I have been a forensic accountant and expert witness now for 30 years, and have written hundreds of reports and given expert evidence scores of times across a very wide range of subjects: commercial disputes, director and partnership disputes, matrimonial valuations, personal injury and fatal accident on the civil side; fraud, asset tracing, drug trafficking, confiscation of assets on the criminal side, to name but a few. I led the team of accountants defending the chairman of Barlow Clowes (who was found not guilty on all charges); and I was prosecution expert in the infamous Rotherham mouldy chicken case, in which convictions and sentences of up to 7½ years were achieved against a gang who were converting condemned poultry into food for human consumption.
The common factor, though, is that in all these cases I was engaged as an expert accountant, and that as an expert, I could use only my training and experience as an accountant to assist the Court. The principle comes from the very old case of Foulks –v- Chard (1783), in which John Smeaton, the man famous for designing a lighthouse which would survive storm and tempest at Eddystone, was giving evidence in a case concerning erosion of a coastline and silting of a harbour. Opposing counsel protested that he was expressing his opinion when giving evidence, but the judge overruled him, saying that he had often relied on Mr Smeaton’s assistance in such matters. From this came the rule that a man of science, when giving evidence, may express his opinion, but only within his own science.
So the expert witness industry developed, until now it seems that some cases need experts on a huge range of subjects, down to the follicles of the left nostril!
Some lawyers think the same must apply to mediations; that, because some deep and complex points of law are involved, the mediator needs to be a QC, or even one of the rapidly increasing band of retired judges who have trained as mediators.
Is this right? I respectfully say it is not. I do not denigrate retired judges, some of whom no doubt become excellent mediators (and I have had the privilege of co-mediating with Sir Alan Ward, retired Court of Appeal judge and now an excellent mediator) but I do say that it is not necessary to have as mediator a senior lawyer for a complex legal case, a QS for a construction case, a motor engineer for a vehicle case, a law cost draftsman for a costs case… Need I go on?
If such specialist mediators were required for each type of case, I would not have been able to mediate successfully disputes concerning all those things, plus boundaries and rights of way, Inheritance Act and ToLATA, defamation, and so on. And I have.
So how does a humble chartered accountant get involved in cases such as this? The answer is that, to start with, I was booked as a mediator on cases which the parties (or their lawyers) thought I would understand as an accountant – business valuations, partnership disputes, and so on. But then, seeing that the skills of a mediator are transferable, the same lawyers or their colleagues would book me as mediator because of my mediation skills alone.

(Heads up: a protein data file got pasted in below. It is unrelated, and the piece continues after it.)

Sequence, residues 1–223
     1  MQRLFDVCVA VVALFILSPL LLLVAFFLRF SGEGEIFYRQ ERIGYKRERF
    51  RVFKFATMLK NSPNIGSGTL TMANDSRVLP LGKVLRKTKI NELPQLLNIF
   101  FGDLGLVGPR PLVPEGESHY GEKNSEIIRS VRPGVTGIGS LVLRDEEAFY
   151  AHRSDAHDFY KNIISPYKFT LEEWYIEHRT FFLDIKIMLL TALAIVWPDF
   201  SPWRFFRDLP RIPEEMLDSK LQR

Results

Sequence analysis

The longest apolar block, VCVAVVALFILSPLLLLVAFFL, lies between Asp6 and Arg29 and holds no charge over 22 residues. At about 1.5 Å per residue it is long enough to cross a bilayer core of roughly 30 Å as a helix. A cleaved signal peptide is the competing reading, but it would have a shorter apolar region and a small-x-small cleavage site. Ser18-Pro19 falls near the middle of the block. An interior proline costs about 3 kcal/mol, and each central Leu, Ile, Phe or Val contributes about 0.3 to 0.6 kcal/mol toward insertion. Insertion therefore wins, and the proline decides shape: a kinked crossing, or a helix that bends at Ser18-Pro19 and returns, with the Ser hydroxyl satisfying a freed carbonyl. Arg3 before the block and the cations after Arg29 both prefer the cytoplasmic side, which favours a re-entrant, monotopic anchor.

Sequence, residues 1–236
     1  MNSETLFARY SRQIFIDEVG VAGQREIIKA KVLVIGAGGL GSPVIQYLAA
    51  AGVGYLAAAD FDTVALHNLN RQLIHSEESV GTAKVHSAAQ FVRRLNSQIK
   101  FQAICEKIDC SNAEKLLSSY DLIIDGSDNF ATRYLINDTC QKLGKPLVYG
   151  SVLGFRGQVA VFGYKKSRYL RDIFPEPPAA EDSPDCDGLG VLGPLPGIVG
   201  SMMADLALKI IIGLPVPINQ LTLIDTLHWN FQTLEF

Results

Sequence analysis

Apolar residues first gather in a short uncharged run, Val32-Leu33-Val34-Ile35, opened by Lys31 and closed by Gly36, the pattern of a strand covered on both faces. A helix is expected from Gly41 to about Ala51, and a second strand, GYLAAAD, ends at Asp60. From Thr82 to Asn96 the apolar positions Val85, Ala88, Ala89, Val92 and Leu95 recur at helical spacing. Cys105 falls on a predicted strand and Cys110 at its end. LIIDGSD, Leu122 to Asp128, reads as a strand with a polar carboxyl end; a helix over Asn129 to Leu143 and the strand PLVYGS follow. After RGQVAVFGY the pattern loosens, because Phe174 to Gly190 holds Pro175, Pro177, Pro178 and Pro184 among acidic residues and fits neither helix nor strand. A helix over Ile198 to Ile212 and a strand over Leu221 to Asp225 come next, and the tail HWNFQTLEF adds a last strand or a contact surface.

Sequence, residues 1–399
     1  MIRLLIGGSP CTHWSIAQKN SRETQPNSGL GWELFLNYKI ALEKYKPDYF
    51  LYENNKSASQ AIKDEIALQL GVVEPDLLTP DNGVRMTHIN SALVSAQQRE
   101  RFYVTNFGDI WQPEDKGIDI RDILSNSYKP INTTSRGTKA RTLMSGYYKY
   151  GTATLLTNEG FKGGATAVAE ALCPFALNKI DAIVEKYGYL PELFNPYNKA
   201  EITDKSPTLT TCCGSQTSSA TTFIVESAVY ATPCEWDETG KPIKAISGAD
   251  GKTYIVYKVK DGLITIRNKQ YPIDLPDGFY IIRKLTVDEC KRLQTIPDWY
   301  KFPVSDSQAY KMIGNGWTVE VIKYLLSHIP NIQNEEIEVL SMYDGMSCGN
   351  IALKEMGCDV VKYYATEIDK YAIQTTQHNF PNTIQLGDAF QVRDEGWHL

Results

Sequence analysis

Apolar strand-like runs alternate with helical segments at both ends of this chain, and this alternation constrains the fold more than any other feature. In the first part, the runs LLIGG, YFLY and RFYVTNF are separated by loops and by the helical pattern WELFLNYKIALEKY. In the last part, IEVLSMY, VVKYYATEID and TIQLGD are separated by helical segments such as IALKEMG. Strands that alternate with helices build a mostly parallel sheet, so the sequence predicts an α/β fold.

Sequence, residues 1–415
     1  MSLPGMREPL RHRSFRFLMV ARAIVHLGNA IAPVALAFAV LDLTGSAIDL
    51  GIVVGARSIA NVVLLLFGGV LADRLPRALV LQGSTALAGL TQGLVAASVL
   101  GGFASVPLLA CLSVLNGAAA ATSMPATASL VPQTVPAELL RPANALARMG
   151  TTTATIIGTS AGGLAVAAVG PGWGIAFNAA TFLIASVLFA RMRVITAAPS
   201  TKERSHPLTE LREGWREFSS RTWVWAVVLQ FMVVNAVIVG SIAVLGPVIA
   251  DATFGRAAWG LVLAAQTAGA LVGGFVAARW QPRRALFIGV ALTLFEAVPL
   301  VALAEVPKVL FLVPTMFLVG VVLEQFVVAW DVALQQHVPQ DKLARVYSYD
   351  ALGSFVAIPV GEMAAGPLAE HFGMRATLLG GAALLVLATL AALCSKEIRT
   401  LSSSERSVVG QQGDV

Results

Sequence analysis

The point is that the mediator can only listen, not give advice; so it is a waste having a senior lawyer as mediator because of his knowledge of the law. He can’t use it except to understand the papers initially, because if he starts to give advice, one is getting into evaluative mediation, whereas the model we use in the UK is facilitative mediation: the mediator is there to facilitate agreement between the parties.
Further, if there are very complex matters of law or technical issues, an expert in such matters is at risk of delving into the complexities, and getting bogged down in the detail. In mediation that is fatal; the discussion must be kept moving, big picture issues should be considered, and all effort should be put into finding the solution that the parties can live with.
Thus, after initial stating of cases, and after the pouring out of emotion in the early meetings (it happens!), the mediator should guide the parties to consider what they can live with, not who is right. The mediator’s listening skills are vital here; the mediator should have two ears and only one mouth, and I often say, only partly in jest, that all that every party needs is a good social worker!
The technical and deep legal issues should be set out in the Mediation Position Statement, so that everyone attending (including the mediator) understands the lingua franca of the particular industry or the legal concepts. After that, concentrate on the big issues and on what costs and management time may be saved by an agreement today, and you will be well on the way to satisfying your clients’ true needs – an end to the worry and expense of the dispute.
So in a word, forget about the specialist mediator and choose your mediator because he is good at mediation.
If you have any questions about mediation and how it works, visit our Mediation FAQs page.